On Wednesday 14 February 2007 19:18, William Harrington wrote:
> Hello everybody,
>
>      I'm back in the US and I'm on a mission. I'm archiving all old
> LFS Release package archives. If you have anything from 1.0 to 5.1.1
> please let me know. I want to archive them all. This is an important
> project .

Hi William.  Go crazy over at 
http://archive.linuxfromscratch.org/lfs-museum/ :-)  Or is it the actual 
source tarballs you were after?  In which case, I can't help I'm afraid.

Matt.
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William Harrington | 14 Feb 21:15 2007

Re: Old LFS Release package archives


On Feb 14, 2007, at 1:24 PM, Matthew Burgess wrote:

> On Wednesday 14 February 2007 19:18, William Harrington wrote:
>> Hello everybody,
>>
>>      I'm back in the US and I'm on a mission. I'm archiving all old
>> LFS Release package archives. If you have anything from 1.0 to 5.1.1
>> please let me know. I want to archive them all. This is an important
>> project .
>
> Hi William.  Go crazy over at
> http://archive.linuxfromscratch.org/lfs-museum/ :-)  Or is it the  
> actual
> source tarballs you were after?  In which case, I can't help I'm  
> afraid.
>
> Matt

I can find the books at the museum, but no one has archived the  
packages and patches, which is a shame.

Most of the packages I can grab from the source of old distros like  
slackware and redhat and gnu ftp servers keep older releases most of  
the time, however, it's the patches that is the problem.

So yes, the source tarballs with the source is needed. I'm archiving  
the current lfs-packages onto my array. I was wanting to build an LFS  
3.3 system for my 486 for fun times, but... the patches are kinda  
missing. Also, I have the 4.0 CDs here, but the patches aren't  
(Continue reading)

William Harrington | 14 Feb 21:51 2007

Re: Old LFS Release package archives


On Feb 14, 2007, at 2:15 PM, William Harrington wrote:

>
> On Feb 14, 2007, at 1:24 PM, Matthew Burgess wrote:
>
>> On Wednesday 14 February 2007 19:18, William Harrington wrote:
>>> Hello everybody,
>>>
>>>      I'm back in the US and I'm on a mission. I'm archiving all old
>>> LFS Release package archives. If you have anything from 1.0 to 5.1.1
>>> please let me know. I want to archive them all. This is an important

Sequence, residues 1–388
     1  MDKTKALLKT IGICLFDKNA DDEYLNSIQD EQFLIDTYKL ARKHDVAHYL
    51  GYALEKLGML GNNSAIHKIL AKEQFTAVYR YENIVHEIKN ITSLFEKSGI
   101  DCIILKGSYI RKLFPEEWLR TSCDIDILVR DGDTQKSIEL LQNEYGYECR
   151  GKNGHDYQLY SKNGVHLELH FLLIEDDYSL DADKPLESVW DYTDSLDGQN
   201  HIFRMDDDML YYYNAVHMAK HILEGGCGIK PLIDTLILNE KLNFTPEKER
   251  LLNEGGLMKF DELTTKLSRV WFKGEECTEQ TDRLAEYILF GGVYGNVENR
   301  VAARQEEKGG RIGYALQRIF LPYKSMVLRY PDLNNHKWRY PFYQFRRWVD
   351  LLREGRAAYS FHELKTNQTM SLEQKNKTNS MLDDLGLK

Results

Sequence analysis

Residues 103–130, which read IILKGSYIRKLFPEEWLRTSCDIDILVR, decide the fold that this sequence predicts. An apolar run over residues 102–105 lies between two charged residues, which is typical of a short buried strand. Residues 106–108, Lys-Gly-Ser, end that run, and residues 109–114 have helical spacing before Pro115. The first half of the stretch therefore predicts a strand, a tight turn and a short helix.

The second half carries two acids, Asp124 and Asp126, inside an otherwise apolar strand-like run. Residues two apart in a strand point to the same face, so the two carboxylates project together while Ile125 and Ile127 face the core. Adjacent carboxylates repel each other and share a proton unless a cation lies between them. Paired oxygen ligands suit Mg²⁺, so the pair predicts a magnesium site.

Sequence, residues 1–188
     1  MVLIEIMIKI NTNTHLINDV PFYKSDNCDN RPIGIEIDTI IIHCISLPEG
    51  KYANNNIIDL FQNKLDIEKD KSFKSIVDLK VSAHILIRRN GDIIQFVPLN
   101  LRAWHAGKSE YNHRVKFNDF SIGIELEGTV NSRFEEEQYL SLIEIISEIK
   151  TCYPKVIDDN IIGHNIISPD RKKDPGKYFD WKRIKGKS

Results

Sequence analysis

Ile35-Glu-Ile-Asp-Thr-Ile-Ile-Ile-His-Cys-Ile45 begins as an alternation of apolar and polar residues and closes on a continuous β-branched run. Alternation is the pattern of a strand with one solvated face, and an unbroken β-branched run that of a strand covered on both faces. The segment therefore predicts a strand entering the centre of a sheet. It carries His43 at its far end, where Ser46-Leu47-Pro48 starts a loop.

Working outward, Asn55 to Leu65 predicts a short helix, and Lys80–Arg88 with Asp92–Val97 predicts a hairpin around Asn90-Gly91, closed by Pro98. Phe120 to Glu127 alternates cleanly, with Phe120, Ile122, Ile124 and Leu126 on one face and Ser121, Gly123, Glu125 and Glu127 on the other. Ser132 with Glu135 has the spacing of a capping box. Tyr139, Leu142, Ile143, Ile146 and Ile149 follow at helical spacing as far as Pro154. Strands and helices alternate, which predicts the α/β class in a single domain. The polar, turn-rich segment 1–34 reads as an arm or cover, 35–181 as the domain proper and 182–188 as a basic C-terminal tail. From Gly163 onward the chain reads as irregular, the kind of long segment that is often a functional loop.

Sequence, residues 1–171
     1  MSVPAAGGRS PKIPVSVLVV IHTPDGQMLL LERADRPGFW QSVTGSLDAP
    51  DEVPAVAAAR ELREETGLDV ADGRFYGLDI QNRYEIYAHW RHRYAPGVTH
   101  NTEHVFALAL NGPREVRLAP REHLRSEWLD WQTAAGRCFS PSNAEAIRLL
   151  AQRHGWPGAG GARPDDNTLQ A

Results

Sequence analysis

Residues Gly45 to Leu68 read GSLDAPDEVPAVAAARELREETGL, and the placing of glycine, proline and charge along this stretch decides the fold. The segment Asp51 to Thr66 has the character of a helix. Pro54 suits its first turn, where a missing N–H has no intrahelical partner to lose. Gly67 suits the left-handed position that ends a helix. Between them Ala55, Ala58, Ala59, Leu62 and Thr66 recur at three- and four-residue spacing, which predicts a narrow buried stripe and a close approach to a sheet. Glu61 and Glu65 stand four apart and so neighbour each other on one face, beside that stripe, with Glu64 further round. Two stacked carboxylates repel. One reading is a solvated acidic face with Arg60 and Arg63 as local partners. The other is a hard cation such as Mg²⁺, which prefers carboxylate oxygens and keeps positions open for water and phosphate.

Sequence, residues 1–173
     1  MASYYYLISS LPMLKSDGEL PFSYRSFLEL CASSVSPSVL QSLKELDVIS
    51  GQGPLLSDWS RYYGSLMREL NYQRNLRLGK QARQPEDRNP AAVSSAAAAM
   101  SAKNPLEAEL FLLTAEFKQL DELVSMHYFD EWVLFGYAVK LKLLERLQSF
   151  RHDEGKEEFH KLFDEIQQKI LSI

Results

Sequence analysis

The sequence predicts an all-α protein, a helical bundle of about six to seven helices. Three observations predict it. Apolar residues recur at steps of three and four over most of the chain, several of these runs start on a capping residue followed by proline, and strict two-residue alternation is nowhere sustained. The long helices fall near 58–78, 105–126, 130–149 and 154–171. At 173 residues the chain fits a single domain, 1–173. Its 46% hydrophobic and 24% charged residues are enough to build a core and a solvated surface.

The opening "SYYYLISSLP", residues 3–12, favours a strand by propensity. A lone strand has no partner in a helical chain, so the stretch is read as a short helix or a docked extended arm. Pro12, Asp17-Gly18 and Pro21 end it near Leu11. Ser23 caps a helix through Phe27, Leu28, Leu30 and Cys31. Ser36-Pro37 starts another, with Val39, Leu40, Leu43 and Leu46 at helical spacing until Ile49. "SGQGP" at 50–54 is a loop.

>>> project .
>>
>> Hi William.  Go crazy over at
>> http://archive.linuxfromscratch.org/lfs-museum/ :-)  Or is it the
>> actual
>> source tarballs you were after?  In which case, I can't help I'm
>> afraid.
>>
>> Matt
>
> I can find the books at the museum, but no one has archived the
> packages and patches, which is a shame.
>
> Most of the packages I can grab from the source of old distros like
> slackware and redhat and gnu ftp servers keep older releases most of
> the time, however, it's the patches that is the problem.
>
> So yes, the source tarballs with the source is needed. I'm archiving
(Continue reading)

Philipp Ammann | 16 Feb 11:18 2007
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Re: Old LFS Release package archives

William Harrington wrote:
> So yes, the source tarballs with the source is needed. I'm archiving  
> the current lfs-packages onto my array. I was wanting to build an LFS  
> 3.3 system for my 486 for fun times, but...

Honestly, why would you want to build an ancient LFS? I understand the 
fun-part of it (I did that too) but nowadays I'm building minimal-LFSes 
using up to date 'embedded' packages (linux2.4, busybox, uclibc, ...).

Sorry for not being able to help you with your quest, but if you need 
more information about 'embedded' (in quotes because it's not really 
embedded ;) packages, feel free to ask.

Regards,
Philipp

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TheOldFellow | 16 Feb 14:20 2007
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Website Building

I've been building a few websites with Joomla! and Typo3, as well as
with the old HTML+CSS static method.  I need to build one for the
church, and they say they can't afford an SQL database, so I'm looking
for ideas.  PHP4 is included in their free hosting package, but I'm not
up to writing a whole CMS from scratch.

I'm concerned that a static site will end up with me changing it every
day and it will turn into a support nightmare.

Any suggestions?

R.

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Gmane